We've heard the argument that everyone's a curator online by means of blogging and reblogging, but what about the professional curators who are responsible for producing major physical exhibitions ...
|Scooped by Robin Good|
Lindsay Howard provides a much needed insight into the value of sharing the curatorial process, as a way to help others learn from our thinking and mistakes.
Too many times, curation is victim of its own desire to impress and surprise by preparing collections and galleries for extended periods of time for a final showcase or exhibition.
But the process through which all this work is done is often hidden from view, both for fear of showing our own failures, mistakes and changes of heart, as well as for providing greater expectation for its final release.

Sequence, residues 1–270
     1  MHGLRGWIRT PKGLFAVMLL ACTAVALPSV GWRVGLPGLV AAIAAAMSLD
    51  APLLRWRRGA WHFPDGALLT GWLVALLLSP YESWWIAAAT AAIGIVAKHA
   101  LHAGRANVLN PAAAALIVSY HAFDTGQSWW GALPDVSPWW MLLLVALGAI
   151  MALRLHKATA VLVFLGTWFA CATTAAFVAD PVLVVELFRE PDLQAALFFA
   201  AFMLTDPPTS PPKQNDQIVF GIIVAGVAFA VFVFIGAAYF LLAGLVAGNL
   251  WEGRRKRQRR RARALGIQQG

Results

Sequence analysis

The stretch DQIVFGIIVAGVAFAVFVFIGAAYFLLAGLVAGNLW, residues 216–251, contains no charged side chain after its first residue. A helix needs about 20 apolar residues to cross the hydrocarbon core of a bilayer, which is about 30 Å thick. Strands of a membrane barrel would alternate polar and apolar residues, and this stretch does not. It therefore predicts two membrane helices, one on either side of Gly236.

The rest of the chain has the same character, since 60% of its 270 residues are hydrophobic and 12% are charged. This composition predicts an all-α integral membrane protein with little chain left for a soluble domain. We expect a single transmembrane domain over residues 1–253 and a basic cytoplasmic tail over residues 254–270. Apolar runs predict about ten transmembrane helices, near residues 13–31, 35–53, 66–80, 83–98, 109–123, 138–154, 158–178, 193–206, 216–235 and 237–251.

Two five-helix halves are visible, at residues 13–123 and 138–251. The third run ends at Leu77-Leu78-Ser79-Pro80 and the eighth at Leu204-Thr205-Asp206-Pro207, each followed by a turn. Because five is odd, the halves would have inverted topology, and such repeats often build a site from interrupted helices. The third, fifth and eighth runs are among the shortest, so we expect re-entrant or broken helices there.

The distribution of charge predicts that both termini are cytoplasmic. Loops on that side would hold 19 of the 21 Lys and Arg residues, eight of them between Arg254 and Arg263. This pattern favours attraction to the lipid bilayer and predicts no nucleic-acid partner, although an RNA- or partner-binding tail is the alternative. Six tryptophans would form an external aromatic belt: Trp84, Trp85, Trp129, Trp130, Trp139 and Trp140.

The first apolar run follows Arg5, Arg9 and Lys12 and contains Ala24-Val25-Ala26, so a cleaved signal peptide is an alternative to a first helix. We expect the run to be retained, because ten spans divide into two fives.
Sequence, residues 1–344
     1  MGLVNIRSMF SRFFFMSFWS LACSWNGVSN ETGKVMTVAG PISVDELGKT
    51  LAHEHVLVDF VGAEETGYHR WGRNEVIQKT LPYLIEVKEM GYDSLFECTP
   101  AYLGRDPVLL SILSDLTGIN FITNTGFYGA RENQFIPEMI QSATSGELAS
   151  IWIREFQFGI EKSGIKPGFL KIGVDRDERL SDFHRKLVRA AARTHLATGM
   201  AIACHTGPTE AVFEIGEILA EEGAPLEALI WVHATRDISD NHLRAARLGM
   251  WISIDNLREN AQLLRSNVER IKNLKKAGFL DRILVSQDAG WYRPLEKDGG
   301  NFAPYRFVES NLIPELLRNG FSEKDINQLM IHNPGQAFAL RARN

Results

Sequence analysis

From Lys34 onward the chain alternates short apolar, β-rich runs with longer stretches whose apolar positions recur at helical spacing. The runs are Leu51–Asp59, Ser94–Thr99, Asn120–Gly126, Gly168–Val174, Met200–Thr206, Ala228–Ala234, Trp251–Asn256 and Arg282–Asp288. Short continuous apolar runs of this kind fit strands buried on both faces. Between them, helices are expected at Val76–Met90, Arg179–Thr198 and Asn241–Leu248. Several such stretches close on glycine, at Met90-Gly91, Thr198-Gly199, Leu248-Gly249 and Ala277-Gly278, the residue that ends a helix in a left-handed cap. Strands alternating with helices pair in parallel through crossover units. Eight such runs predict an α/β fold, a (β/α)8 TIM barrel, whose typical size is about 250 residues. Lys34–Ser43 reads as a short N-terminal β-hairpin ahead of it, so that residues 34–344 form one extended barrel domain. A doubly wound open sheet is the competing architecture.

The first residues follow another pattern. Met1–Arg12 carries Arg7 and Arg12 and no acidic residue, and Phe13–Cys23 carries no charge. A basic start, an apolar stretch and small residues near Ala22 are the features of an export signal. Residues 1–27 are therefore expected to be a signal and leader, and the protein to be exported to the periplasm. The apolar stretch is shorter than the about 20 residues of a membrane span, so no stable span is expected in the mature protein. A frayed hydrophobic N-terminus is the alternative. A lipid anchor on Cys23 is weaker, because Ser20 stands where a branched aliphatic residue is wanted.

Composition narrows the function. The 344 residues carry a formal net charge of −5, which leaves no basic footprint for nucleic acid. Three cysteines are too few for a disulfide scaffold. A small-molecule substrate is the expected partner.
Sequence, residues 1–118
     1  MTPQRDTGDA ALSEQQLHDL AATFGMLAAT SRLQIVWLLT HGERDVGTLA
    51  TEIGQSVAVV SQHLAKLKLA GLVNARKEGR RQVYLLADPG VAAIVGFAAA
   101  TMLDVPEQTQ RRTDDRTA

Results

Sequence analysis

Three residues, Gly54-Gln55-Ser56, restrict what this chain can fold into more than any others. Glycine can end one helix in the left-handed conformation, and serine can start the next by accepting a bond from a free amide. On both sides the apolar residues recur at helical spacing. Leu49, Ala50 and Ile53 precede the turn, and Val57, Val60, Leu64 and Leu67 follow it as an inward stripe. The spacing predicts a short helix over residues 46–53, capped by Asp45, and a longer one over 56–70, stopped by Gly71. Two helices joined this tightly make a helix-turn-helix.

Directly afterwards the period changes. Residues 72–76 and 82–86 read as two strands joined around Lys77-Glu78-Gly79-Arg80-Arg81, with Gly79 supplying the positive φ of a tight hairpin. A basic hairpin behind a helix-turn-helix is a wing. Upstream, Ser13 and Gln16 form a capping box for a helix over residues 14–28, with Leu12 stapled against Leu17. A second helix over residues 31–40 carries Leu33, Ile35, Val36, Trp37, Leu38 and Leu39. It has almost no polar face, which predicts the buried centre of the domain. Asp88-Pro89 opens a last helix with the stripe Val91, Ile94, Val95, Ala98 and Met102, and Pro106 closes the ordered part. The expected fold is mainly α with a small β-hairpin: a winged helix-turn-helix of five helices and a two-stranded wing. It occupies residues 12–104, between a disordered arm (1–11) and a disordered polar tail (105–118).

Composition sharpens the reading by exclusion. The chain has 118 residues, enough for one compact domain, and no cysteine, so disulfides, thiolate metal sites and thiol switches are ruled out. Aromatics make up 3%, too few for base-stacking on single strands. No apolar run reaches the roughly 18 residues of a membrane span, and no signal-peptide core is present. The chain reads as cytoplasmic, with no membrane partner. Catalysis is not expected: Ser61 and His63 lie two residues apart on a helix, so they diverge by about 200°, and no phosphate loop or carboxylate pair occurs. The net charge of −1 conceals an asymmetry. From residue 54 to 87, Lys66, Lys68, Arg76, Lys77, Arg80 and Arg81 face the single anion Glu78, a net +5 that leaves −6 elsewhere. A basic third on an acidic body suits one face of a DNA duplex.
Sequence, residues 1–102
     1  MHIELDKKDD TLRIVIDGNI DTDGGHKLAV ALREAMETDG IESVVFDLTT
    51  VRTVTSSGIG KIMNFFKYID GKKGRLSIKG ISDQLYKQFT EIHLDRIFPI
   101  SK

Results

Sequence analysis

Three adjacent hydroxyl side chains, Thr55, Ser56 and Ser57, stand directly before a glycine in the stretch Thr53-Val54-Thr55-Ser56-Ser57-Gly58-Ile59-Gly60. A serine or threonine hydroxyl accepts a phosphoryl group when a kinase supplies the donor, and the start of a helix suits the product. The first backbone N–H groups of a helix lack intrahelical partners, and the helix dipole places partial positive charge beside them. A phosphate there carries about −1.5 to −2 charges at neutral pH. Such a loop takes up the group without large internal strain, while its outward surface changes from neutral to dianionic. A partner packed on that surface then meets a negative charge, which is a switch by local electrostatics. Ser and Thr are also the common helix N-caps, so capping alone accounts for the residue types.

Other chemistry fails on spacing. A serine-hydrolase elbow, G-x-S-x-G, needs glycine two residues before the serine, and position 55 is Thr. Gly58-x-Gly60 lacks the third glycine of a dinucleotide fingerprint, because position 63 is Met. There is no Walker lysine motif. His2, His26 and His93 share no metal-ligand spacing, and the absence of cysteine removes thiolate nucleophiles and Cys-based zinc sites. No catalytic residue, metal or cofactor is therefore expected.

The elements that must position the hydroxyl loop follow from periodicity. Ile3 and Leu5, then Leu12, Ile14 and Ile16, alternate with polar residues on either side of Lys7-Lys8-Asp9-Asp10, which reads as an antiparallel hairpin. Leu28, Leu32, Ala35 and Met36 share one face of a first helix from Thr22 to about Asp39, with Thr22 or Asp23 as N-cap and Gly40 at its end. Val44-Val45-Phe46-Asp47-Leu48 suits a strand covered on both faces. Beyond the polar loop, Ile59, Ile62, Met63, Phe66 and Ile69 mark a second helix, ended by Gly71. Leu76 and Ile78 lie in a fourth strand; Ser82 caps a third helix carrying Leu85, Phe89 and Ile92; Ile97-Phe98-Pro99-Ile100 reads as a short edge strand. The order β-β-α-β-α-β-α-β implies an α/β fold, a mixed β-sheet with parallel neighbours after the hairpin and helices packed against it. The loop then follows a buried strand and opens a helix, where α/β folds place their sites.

But managing curation work in this fashion deprives everyone from the opportunity to discover, understand and learn deeper by seeing the curation process evolve from beginning to end.
"...the paradox of failure: while the human impulse is to evade it, the only way to improve is to learn from our experiences and the experiences of others. We share as a way to understand, but even more importantly, we share in order to..." learn more.
This is why anyone who wants to curate should seriously consider becoming more transparent about the way his curation process is carried out.
For curation is not, as falsely promoted, a means to gain fast visibility and authority, but rather an approach to organize, make-sense and help others understand what is not immediately visible (which, as a positive consequence when done right, can gain you the extra visibility and authority you may be seeking).